Bloomberg’s financial terminal, a popular software platform used by investors to trade stocks, exchange messages and gather news on companies, crashed early this morning and the global financial sector came to a momentary halt.
Traders pay upwards of $20,000 a year for access to the service, which serves as their eyes and ears into financial markets around the world. Bloomberg blamed the two-hour outage on internal network issues and faulty hardware. After reboot, the system was back online.
Former New York City Mayor Michael Bloomberg launched the terminal as the backbone of his media empire in 1981. A news wire, messaging service and instant trading platform were added to the initial terminal service and the portal eventually became indispensable for more than 300,000 investors.
“The terminal is a tool, but it is also a kind of utility. It would be similar to the lights going out in your house because of the storm. Suddenly, you don’t perish, but you’re using candles,” Tom Rosenstiel, executive director of the American Press Institute told the NewsHour in an interview.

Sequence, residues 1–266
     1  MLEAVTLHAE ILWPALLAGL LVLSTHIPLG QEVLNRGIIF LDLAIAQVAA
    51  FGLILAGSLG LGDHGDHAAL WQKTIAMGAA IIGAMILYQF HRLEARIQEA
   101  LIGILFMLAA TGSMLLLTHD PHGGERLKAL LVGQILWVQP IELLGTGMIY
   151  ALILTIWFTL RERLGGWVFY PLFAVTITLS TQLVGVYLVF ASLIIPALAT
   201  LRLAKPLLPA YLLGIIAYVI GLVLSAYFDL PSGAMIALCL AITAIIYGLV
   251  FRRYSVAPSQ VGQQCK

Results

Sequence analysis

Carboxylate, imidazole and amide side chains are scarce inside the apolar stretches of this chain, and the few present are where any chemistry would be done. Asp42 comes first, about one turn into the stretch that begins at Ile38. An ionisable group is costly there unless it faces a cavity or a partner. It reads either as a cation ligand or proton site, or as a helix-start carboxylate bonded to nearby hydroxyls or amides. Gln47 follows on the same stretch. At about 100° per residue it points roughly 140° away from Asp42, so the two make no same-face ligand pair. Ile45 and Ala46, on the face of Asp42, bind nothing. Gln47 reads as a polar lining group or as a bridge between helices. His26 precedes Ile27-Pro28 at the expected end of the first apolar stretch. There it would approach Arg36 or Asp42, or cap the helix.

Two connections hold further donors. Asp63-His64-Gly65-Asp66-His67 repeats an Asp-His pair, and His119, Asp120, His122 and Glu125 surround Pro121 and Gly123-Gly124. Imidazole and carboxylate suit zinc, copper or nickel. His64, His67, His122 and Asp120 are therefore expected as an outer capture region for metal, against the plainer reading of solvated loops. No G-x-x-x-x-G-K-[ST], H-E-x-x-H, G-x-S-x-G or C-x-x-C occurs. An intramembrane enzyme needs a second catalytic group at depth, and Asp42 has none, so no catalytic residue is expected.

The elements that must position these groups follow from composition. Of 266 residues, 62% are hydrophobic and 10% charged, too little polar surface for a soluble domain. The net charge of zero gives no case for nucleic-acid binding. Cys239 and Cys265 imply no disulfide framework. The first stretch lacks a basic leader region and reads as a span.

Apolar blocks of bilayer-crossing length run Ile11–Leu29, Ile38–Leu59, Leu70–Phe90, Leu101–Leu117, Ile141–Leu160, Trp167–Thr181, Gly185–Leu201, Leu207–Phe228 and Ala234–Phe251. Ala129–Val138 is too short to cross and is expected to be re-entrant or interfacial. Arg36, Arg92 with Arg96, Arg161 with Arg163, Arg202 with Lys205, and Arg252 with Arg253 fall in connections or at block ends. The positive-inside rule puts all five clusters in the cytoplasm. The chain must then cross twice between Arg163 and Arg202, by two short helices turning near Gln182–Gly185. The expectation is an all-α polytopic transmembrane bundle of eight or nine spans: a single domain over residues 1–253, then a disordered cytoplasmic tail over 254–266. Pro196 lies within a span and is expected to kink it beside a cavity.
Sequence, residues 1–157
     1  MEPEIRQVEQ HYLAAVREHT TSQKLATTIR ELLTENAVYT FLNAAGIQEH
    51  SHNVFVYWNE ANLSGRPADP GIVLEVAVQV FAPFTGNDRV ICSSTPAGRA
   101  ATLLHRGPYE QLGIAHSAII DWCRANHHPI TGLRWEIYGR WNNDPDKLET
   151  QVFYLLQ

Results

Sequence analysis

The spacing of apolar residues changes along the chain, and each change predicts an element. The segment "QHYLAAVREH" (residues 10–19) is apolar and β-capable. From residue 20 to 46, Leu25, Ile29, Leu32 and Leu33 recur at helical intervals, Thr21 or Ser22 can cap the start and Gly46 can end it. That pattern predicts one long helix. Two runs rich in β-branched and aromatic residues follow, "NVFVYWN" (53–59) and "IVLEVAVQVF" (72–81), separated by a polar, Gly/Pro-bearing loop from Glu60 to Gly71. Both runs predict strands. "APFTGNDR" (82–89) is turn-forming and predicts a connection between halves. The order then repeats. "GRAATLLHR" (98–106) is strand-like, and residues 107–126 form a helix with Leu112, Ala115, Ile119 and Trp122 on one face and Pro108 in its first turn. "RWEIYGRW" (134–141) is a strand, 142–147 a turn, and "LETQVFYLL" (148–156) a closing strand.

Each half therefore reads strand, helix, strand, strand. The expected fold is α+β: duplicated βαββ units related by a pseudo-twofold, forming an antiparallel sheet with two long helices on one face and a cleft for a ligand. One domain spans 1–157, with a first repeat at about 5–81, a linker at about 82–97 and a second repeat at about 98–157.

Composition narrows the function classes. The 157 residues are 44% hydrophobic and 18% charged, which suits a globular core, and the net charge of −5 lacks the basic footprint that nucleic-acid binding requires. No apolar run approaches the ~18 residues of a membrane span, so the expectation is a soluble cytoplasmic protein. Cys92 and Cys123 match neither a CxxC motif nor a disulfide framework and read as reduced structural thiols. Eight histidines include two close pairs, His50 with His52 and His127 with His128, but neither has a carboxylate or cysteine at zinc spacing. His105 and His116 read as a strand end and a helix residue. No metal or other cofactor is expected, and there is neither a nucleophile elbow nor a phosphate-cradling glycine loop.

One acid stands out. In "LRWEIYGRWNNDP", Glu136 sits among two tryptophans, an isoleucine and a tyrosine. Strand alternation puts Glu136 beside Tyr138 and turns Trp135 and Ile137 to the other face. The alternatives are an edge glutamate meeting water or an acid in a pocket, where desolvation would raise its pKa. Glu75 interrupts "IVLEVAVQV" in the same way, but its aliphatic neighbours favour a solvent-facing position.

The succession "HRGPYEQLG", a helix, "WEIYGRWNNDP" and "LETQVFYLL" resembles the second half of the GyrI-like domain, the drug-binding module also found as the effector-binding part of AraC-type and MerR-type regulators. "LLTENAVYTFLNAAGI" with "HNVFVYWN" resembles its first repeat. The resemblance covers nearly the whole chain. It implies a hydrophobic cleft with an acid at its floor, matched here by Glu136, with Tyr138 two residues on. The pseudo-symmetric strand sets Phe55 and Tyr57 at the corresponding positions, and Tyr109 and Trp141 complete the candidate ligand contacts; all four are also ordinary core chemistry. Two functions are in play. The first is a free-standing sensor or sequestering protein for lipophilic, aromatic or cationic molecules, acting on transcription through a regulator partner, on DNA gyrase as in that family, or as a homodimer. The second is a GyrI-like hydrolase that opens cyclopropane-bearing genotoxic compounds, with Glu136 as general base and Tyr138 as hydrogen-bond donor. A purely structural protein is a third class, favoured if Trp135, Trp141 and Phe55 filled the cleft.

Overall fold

— James Titcomb (@jamestitcomb) April 17, 2015
The crash was good news for Bloomberg’s competitors in the market, especially rival Thomson Reuters, said Rosenstiel. Bloomberg overtook Reuters as the world’s largest financial information provider and its terminal brought in more than $9 billion in revenue in 2014, according to Fortune.com. With Bloomberg subscribers left to fend for themselves on the phone and online, investors subscribing to the Reuters terminal enjoyed a brief advantage.
Unsure of how to function without the terminal, paralyzed investors took to twitter to contemplate the rare down time the crash provided for busy investors.
City friends who've not replied to me for years are suddenly responding. #bloombergdown
— Sean Farrington (@seanfarrington) April 17, 2015
Millions of traders are looking out the window for the first time in years. #BloombergDown
— Lou Whiteman (@louwhiteman) April 17, 2015
Some saw the impact of the crash as a sign that markets are far too reliant on the platform.
If markets move, but there is no Bloomberg Machine operational to report it, does it make a sound?
— John Ashbourne (@JohnAshbourne) April 17, 2015